Works in the Herald 1935
Nice Mr Nimbleberry lived upon the land,
He had an easy conscience and a soft, white hand;
For Nice Mr Nimbleberry never would offend
By talking when he shouldn't; he was everybody's friend.
He never grew aggressive, and his debts were always paid;
And the butcher and the baker, they were glad to get his trade;
For nice Mr Nimbleberry and his little wife
Just -- sort of -- you know -- fitted in the old town life.

Nice Mr Nimbleberry always went to church
Twice every Sunday.  It was said that you might search
Thro' all the land for years and years and never find a pair
So comforting and candid as the Nimbleberrys were;
For they told you all their secrets -- save what everybody knew;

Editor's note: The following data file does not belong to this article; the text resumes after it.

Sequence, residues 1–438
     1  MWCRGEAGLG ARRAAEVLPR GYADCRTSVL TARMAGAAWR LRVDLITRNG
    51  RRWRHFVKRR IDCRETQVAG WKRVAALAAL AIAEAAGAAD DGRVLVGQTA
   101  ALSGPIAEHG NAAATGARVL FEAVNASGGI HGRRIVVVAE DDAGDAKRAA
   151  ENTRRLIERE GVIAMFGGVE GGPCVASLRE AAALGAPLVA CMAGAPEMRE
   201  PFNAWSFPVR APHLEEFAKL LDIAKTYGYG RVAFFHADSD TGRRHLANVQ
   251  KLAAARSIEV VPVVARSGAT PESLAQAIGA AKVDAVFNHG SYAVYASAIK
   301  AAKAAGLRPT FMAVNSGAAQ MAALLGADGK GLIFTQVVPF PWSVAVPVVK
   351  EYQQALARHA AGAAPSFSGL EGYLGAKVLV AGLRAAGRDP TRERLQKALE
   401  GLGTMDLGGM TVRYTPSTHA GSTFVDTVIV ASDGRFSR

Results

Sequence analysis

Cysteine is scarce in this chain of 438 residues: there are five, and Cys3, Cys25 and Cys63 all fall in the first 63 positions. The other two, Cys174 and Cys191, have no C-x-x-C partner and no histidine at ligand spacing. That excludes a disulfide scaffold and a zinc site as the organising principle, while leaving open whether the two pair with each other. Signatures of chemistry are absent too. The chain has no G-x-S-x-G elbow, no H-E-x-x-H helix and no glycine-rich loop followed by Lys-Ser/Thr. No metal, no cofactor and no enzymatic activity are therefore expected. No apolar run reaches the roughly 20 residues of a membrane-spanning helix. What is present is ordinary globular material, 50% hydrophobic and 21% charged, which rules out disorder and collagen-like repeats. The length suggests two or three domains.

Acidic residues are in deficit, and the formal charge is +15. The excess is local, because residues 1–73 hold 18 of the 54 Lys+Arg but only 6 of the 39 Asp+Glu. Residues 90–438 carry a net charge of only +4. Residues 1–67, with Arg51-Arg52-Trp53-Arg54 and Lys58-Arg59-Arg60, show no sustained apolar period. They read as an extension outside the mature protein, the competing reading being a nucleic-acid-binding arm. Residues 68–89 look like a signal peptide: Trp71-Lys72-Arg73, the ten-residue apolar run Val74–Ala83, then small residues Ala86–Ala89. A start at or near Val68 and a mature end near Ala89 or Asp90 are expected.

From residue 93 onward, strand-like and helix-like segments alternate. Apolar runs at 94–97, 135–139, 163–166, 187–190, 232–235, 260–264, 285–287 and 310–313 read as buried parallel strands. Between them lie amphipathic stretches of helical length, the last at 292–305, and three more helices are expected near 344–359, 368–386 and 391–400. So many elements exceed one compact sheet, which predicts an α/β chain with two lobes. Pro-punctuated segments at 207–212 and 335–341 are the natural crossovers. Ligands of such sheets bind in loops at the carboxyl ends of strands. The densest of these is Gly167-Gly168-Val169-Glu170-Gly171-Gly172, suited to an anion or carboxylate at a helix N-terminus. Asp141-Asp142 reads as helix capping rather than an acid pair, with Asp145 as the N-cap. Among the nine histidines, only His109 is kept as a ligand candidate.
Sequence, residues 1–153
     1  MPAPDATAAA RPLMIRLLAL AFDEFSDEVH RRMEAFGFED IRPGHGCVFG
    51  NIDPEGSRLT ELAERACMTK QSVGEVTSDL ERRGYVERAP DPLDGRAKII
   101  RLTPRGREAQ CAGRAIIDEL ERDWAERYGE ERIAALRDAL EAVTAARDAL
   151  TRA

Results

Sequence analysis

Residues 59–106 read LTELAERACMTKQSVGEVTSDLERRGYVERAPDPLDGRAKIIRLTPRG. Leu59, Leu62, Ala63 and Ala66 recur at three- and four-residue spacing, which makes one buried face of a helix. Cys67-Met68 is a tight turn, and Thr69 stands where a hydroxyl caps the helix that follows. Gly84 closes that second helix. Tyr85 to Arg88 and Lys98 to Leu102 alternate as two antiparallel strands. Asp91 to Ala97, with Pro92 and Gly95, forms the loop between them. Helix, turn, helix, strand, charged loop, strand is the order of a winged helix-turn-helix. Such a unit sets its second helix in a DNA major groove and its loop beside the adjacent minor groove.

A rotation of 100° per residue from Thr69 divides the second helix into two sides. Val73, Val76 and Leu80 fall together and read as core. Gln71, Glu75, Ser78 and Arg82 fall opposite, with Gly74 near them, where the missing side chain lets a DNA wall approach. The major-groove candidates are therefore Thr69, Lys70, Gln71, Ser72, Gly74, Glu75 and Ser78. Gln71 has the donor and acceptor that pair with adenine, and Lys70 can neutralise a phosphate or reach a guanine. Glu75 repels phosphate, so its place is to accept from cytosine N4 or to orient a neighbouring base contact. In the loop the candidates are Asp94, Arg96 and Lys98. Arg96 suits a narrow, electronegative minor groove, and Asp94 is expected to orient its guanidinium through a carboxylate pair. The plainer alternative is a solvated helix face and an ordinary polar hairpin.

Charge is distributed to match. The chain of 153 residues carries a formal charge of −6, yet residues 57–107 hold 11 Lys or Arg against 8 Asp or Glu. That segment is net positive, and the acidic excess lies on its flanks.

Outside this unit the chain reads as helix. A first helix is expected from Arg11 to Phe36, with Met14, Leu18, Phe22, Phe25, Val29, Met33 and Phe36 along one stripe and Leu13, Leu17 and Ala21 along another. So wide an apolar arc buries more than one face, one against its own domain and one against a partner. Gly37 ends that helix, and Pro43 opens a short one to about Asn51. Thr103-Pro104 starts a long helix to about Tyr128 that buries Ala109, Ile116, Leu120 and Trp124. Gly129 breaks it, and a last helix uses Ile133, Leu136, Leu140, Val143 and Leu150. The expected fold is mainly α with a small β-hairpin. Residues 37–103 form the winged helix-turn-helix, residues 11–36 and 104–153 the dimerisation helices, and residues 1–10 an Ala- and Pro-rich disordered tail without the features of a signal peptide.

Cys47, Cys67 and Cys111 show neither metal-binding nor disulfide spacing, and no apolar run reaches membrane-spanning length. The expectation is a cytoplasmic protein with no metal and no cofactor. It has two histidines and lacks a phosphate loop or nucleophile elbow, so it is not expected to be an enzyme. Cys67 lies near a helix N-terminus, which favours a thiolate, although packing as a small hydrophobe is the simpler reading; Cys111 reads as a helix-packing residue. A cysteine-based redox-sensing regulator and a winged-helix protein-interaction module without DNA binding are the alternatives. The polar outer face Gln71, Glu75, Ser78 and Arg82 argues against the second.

That Nimbleberry dummied for a station man or two.

He dummied for old Connors on the Ooppayarra run;
He dummied for the Duncans and the politician, Dunn.
He owned the eyes of all the runs -- at any rate in name --
Till the time came for possession, and his ultimatum came.
For nice Mr Nimbleberry, safe behind the law,
Answered Connors and the others with a soft "Haw, haw!"
When they asked for a surrender; for Nimbleberry knew,
When it came to legal matters, quite a little thing or two.

Nice Mr Nimbleberry, when I saw him last,
Had sold his landed properties.  But he was forging fast
Ahead in local politics; he came and greeted me
As mayor of the old town, as nice as nice could be,
With his nice little white hand, his nice little wife,
So diffidently suited to the municipal life ....
But the tale old Connors told me in the pub -- and yet, why rake
Old scandals up?  Let's hush them for the Nimbleberrys' sake.

Herald, 28 May 1935, p6

Copyright © Perry Middlemiss 2003